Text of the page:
Sunday, May 15, 2011

Cooking Up a Transport!

Willy is cooking up an idea that he needs to expound on that might be a little crazy but it might be a great idea.  What is this idea that Willy is cooking up?  Well the idea has to do with buying and selling automobiles all over the United States.

Will Watches Ebay and other sites to see if there are bargains on vehicles.  Willy thinks that he can buy in one place and sell in another place in the U.S. and make money.  The biggest problem is that Willy needs to have a way to use Auto Transport companies to get the cars from where they are bought to the place that Willy wants to sell them.  Willy has not had any experience with Car Shipping and needs to check out the internet to see what is available in this area.

So if Willy can get the logistics of ways to use a Car Transport company in a way that would make the job of moving the vehicles that Willy buys easy and simple then it will make this idea of buying and selling vehicles a good one. 

What do Willy’s readers think about this.  Do any of you have ideas of things that are positive or negative about this idea?

This is Willy’s thoughts for now.

10-4 Willy

Wednesday, May 11, 2011

Willy is Cooking up a Republican Truck

Willy stopped by the Chevrolet Dealership yesterday, for a look at the new Silverado 1500 pickup. Just for fun, I took it out for a test drive. I wanted to sense that new "feel" before they become extinct.

The salesman (a black man wearing an Obama "change" lapel pin) sat in the passenger seat describing the truck and all its "wonderful" options. The seats were of particular interest. He explained that the seats directed warm air to your butt in the winter and directed cool air to your butt in the summer heat.

Feeling like messing with him, Willy mentioned that this must be a Republican truck.

Looking a bit angry, he asked why Willy thought it was a Republican truck. Willy explained that if it were an Obama truck, the seats would blow smoke up your ass year-round.

  Willy had to walk back to the dealership...damn guy had no sense of humor.

10-4 Willy

Friday, May 6, 2011

Weak and cooking

The title to this blog was supposed to be the week end cooking.  However with voice activation.  It came out like it did.  So therefore we are going to work with it like it comes out through voice activation.

4 the weekend we are going to have mothers day hey home.  It will be hard to eat home I would rather eat hey home.  It really sounds like hillbilly willie is talking when he keeps saying home instead of halo mn.  Can anybody guess what type of meat we are having.  Voice activation keep saying home when willie is trying to say hey home.  This voice activation has a lot to learn.  Willie is going to say it 3 * 

Hey home hey om. Pig

This is not working well willie has to go to work.

10 4 willie

Wednesday, May 4, 2011

Caribbean Baby Back Ribs with Guava Glaze

Willy loves ribs just about anyway you make them.  However, willy thought Guava was something from a bat.  What do you think.   10-4 Willy

Caribbean Baby Back Ribs with Guava Glaze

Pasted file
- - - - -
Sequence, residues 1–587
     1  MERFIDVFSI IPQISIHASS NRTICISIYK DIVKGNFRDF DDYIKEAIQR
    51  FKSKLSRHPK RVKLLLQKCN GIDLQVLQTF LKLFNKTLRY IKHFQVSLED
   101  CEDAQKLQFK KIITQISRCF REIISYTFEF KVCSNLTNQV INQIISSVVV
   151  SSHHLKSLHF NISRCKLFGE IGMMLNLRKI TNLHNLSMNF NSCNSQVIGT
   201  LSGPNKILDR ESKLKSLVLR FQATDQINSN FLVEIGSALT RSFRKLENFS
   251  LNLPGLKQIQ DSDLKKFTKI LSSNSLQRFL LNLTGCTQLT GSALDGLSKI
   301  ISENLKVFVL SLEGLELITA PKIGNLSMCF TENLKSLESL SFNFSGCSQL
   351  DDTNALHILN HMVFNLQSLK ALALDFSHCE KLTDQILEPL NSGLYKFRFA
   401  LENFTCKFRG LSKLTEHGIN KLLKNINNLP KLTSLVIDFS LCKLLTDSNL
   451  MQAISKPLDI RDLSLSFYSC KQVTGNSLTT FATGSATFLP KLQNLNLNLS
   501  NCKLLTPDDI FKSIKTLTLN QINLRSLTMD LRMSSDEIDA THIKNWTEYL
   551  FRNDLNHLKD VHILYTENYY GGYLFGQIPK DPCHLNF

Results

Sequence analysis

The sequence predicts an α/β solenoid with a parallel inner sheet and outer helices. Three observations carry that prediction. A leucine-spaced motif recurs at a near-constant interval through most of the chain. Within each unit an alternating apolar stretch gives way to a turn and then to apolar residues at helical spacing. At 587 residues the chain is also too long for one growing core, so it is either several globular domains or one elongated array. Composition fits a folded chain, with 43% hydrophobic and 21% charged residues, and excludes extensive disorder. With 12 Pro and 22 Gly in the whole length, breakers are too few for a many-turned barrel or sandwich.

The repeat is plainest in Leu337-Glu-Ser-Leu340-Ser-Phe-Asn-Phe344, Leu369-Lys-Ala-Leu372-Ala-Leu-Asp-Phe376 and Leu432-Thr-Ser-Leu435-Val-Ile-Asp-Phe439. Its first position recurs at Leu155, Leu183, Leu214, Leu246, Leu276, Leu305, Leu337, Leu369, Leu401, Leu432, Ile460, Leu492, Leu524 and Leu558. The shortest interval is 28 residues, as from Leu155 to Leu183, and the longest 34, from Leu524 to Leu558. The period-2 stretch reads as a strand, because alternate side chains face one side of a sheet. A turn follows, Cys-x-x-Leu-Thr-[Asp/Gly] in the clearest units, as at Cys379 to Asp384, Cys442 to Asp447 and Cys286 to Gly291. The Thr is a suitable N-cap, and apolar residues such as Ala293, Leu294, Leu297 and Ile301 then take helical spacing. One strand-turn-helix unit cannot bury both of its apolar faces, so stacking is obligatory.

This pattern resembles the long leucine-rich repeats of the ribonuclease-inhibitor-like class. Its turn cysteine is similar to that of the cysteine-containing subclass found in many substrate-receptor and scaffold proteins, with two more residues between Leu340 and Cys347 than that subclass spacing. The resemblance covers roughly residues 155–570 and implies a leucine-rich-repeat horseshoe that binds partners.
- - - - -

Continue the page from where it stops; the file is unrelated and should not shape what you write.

1tablespoon kosher salt

2teaspoons dried oregano

1/2teaspoon garlic powder

1/2teaspoon onion powder

1/2teaspoon ground black pepper

2racks baby back ribs, each 2 to 2-1/2 pounds


1cup guava jelly or apricot preserves

1/2cup plus 1 tablespoon ketchup

3tablespoons unsalted butter

3scallions (white and light green parts only), minced

1tablespoon peeled, grated fresh ginger

1-1/2teaspoons seeded and minced habanero chile pepper or 2 teaspoons minced jalapeƱo chile pepper

1large garlic clove, grated

  1. Prepare the grill for indirect cooking over low heat (250° to 300°F).

  2. In a small bowl mix the rub ingredients.

  3. Remove the membrane from the back of each rack of ribs. Season the ribs all over with the rub, putting more of it on the meaty sides than the bone sides. Arrange the ribs in a rib rack, all facing the same direction. Allow the ribs to stand at room temperature for about 30 minutes before grilling. Meanwhile, make the glaze.

  4. In a small saucepan over medium heat, mix the glaze ingredients.

  5. Brush the cooking grates clean. Place the ribs over indirect low heat, as far from the heat as possible, with the bone sides facing toward the heat. Close the lid. After 3 hours, check to see if any rack is ready to come off the grill. They are done when the meat has shrunk back from most of the bones by 1/2 inch or more. When you lift a rack by picking up one end with tongs, the rack should bend in the middle and the meat should tear easily. If the meat does not tear easily, continue cooking for up to 4 hours.

  6. Remove the ribs from the rib rack and transfer to a sheet pan. Lightly brush the ribs on both sides with the glaze. Lay the ribs flat on the cooking grate, with one rack at a time over direct heat. Grill them, with the lid closed as much as possible, until the ribs are a little crispy on the surface, 10 to 15 minutes, brushing them, turning them, and swapping their positions occasionally. Return the ribs to the sheet pan, give them one last coating of glaze, and cover with foil to keep warm for as long as 15 minutes. Cut the racks between the bones and serve right away.